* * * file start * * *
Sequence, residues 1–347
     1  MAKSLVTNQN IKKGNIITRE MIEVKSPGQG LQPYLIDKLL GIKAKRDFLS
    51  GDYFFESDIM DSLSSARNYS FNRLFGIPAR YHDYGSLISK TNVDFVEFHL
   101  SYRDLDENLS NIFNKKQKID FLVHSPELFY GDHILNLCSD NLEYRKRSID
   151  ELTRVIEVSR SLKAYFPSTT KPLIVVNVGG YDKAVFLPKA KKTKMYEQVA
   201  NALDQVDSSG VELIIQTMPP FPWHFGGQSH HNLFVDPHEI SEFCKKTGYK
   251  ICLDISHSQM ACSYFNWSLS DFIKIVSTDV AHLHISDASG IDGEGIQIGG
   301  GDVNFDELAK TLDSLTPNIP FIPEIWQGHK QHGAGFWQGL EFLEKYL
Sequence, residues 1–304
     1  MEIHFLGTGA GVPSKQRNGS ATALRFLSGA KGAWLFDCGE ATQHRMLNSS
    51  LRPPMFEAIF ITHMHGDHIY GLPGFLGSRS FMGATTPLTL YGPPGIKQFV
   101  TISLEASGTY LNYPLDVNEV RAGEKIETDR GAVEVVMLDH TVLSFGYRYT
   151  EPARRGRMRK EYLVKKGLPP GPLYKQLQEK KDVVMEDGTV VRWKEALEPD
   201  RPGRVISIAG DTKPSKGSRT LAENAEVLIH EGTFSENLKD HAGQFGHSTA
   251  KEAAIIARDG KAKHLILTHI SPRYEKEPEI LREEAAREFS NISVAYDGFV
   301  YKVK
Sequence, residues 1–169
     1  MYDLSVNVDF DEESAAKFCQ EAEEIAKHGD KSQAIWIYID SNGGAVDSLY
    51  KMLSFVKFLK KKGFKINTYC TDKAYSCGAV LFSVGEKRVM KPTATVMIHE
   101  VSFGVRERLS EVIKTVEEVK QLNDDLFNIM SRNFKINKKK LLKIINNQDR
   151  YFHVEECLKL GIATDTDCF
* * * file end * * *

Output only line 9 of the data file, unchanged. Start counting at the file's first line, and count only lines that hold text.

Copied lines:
Sequence, residues 1–304